By Kendall Brunette
This was the big one — the event everyone knew could happen, but everyone hoped wouldn’t.
“When you’re in this line of work, you live for these kinds of incidents – you train for it,” said Steve Silbermann, the communications supervisor with the Boulder County Sheriff’s Office. “You don’t live for it because you hope for harm on people, land or property, but this is what we do for a living.”
On the evening of Sept. 11, Silbermann left work at the county dispatch center. It was raining outside, but never did it cross his mind that a historic storm was soon to follow.
But shortly after leaving, the dispatch center became inundated with 911 calls. People were trapped in cars, stranded on roofs. Most were simply confused. They couldn’t fully grasp the severity of the situation.
Around 9 p.m., Silbermann returned to the dispatch center, where his his division chief turned him away, telling him to go home, get some rest and prepare for what would be a long week to come.
Eighteen-hour workdays became the norm. The sleep center within the county communications building remained full as employees worked tirelessly throughout the day and into the night.
Silbermann and his colleagues worked with police and fire departments, and EMS and rescue teams to coordinate emergency protocols and address 911 calls. Rescuers couldn’t respond to several calls simply because there was no access to people.
“The roads [were] being washed away,” Silbermann said.
September brought more than just flooding rain to Boulder County. It brought challenges that the county never expected to face — problems brought about by a historic storm, but exacerbated by previous wildfire and technological communication issues. Silbermann and colleagues were prepared to handle many of those challenges, but they never envisioned a flood of this magnitude.
Looking back, however, Silbermann is proud of what the county accomplished and, with a few tweaks in the system, feels that Boulder County is well-prepared for a similar catastrophe.
Fourmile Canyon Fire
In 2010 the Fourmile Canyon fire burned more than 6,000 acres and 169 homes. The devastating fire stripped the land of all vegetation. The fire left scorched, barren soils prone to flooding.
“When you have a dense forest with undergrowth, you have plants and things to trap moisture and rain,” said Kari Bowen, meteorologist at the National Weather Service office in Boulder during an interview with LiveScience. “But when it’s gone, you have nothing to catch it.”
“The fire also makes the ground almost hydrophobic, or water-repelling, and these effects can last 10 to 15 years,” she added.
Exactly three years after the fire, torrential rains consumed Boulder’s rivers, streams, valleys, hills and mountains. As predicted, dry soil within the burn area did little to absorb the rain and floods ensued.
Over the last three years, hydrologists studied the area in an effort to better understand the increased post-fire flood risk. According to Silbermann, Boulder County spent millions of dollars to help recover land within the Fourmile burn. A process known as aerial mulching drops hay mixed with grass seeds from helicopters to increase water absorption on burned soils and re-vegetate the land. The county hoped the mulching would speed up post-fire recovery and reduce the flood risk.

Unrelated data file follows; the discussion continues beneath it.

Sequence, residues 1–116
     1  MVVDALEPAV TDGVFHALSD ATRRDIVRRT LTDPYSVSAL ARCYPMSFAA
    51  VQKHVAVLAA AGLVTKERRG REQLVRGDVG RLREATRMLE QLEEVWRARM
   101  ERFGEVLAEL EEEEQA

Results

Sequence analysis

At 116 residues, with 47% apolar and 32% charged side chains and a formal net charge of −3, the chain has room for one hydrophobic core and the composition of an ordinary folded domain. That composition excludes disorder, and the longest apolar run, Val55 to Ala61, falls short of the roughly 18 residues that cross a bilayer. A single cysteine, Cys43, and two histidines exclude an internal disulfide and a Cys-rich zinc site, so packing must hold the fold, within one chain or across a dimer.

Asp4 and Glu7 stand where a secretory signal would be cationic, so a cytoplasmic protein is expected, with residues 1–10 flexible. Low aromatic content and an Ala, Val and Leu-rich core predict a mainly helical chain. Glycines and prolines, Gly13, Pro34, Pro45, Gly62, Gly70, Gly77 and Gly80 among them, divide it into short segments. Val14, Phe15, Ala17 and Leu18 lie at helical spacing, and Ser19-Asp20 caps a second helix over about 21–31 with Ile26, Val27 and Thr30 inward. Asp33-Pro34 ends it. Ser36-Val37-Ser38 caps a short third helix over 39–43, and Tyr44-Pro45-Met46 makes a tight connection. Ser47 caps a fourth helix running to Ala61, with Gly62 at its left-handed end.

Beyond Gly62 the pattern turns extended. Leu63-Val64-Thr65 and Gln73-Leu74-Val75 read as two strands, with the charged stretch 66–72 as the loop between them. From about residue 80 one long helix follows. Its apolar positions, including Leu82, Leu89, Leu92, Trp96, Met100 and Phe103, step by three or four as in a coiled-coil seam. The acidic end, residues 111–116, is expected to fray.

Boulder’s Office of Emergency Management (OEM) used the data from hydrologists to educate people living in the burn area, as well as the general public about what could happen in the event of severe weather. While public education was concentrated on those people living within the burn, Silbermann believes that people everywhere were well-prepared for the flood.
“When we talk about these flood risks that existed after the Fourmile fire, we always imagined it was going to be isolated to the burn area – that those would be the only people severely affected by such a storm,” Silbermann said. “We never imagined that it was going to be a massive up-slope storm that affected the whole Front Range, let alone just Boulder County. That was the kicker.”
Over the next few days, more than 2,000 people were evacuated by Chinooks, Blackhawks and various other air supports. Silbermann’s sources claim that the 2013 Colorado Flood was the second largest air evacuation in U.S. history. The only other natural disaster that used comparable air support was Hurricane Katrina.
Silbermann described the scene at the Boulder Municipal Airport – the incident command post during the flooding.
“It was kind of like when you’re at the Boulder Transit Center and RTD buses are flowing in and out – it was like that with helicopters,” Silbermann said. “It was Chinooks landing and a bunch of people getting out, looking like they had come from DIA because they had their pets in pet carriers, kids in hand and rollaway luggage and duffels.”
During the flooding, the Boulder County Dispatch Center relied primarily on their emergency siren system and Everbridge – an interactive communication and mass notification system to relay warnings to the public. Everbridge sends emergency notifications via text message, phone calls and emails to people who opt-in to the system.